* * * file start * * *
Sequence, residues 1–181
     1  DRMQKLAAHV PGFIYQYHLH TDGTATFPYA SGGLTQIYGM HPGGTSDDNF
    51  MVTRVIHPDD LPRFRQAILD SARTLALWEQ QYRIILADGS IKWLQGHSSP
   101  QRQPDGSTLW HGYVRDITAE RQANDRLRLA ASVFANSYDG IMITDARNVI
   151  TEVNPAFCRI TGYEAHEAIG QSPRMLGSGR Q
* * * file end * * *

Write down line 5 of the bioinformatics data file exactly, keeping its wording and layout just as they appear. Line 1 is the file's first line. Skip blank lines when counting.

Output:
   151  TEVNPAFCRI TGYEAHEAIG QSPRMLGSGR Q